One could say that Gerald Elias is a man of mystery. But only because the multi talented musician has turned his attention to writing mystery novels.
When he started writing mysteries, Elias didn’t think it would turn into a long term gig. Yet, that’s exactly what has happened. “When my first book was published, I had no idea it would grow into a full blown series,” Elias told Reichel Recommends. “It’s been very gratifying.”
That first novel, Devil’s Trill, introduced readers to the curmudgeonly yet strangely likable Daniel Jacobus. A highly respected violinist in his day on the verge of international success until blindness ended his concert career, Jacobus is an unlikely solver of mysteries. But that’s what he unwillingly ends up doing and his adventures in ferretting out the truth and finding the murderer has spawned two further books. “My contract was originally for two,” Elias said. “They did pretty well so they asked me for a third and a fourth.”
The third novel in the series, Death and the Maiden, was published last month, and has been selling well. As Elias found out, there is an audience out there for mysteries with a classical music bent. “They’re no Harry Potter in sales,” Elias said, “but they’ve found a niche among people.” And they’ve caught on within literary circles. Elias’ second book, Danse Macabre, has been selected as one of three finalists for the Utah Book Awards this year.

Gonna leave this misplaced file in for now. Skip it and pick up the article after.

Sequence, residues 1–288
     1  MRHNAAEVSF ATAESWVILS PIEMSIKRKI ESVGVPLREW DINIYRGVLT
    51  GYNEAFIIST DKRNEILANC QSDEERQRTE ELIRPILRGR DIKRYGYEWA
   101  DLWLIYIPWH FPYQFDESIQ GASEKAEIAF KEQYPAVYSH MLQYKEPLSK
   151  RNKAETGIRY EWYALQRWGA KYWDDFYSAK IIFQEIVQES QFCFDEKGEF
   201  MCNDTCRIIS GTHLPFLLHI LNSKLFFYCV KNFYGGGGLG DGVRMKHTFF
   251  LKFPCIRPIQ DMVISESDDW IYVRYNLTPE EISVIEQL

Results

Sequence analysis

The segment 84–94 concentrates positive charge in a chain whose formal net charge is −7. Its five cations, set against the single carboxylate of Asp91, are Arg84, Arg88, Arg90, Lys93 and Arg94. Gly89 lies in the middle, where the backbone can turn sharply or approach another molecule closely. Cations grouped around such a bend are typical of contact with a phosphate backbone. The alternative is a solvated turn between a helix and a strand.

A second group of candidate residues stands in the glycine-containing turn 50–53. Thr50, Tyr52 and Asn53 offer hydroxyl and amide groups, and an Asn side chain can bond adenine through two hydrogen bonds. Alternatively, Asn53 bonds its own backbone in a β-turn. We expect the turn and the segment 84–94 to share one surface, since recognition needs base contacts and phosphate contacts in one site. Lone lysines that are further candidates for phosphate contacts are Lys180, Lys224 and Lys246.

All of the characters in Elias’ novels are based on people he knows or has collaborated with over the years. “Most of them are composites of people I know or have known – or know of or have worked with,” he said. “But there are a few that have an almost one to one connection” with real people. One of these is Jacobus’ long time friend and sidekick Nathaniel Williams, who is based on one of Elias’ oldest friends. “His name is William Thomas, and he’s also a cellist like Nathaniel.” Elias and Thomas first met as students at Oberlin. Later, when both lived in Boston, they played in a piano trio together.
In Elias’ books, the world of classical music isn’t what it appears to be. There is a dark side that most aficionados never see – or can even imagine. Artistic integrity is often just something a musician hopes for, but which reality and the organizer’s bottom line often obliterates. “I’ve stretched things a little bit to make it more interesting,” Elias said, “but the business aspect of getting a contract often outweighs artistic considerations. It’s part and parcel of the profession and a delicate balance that musicians have to tread.”
In Death and the Maiden, the fictional New Magini Quartet agrees to a performance of Franz Schubert’s like named quartet in Carnegie Hall but with choreography, lighting effects and other non musical gimmickry. And that has murderous consequences. “This is a very real part and it makes having a career in classical music a challenge,” Elias said. “But I think artistic integrity will always prevail. And if great music, like Schubert’s quartet, is played well, then it will always be able to stand on its own.”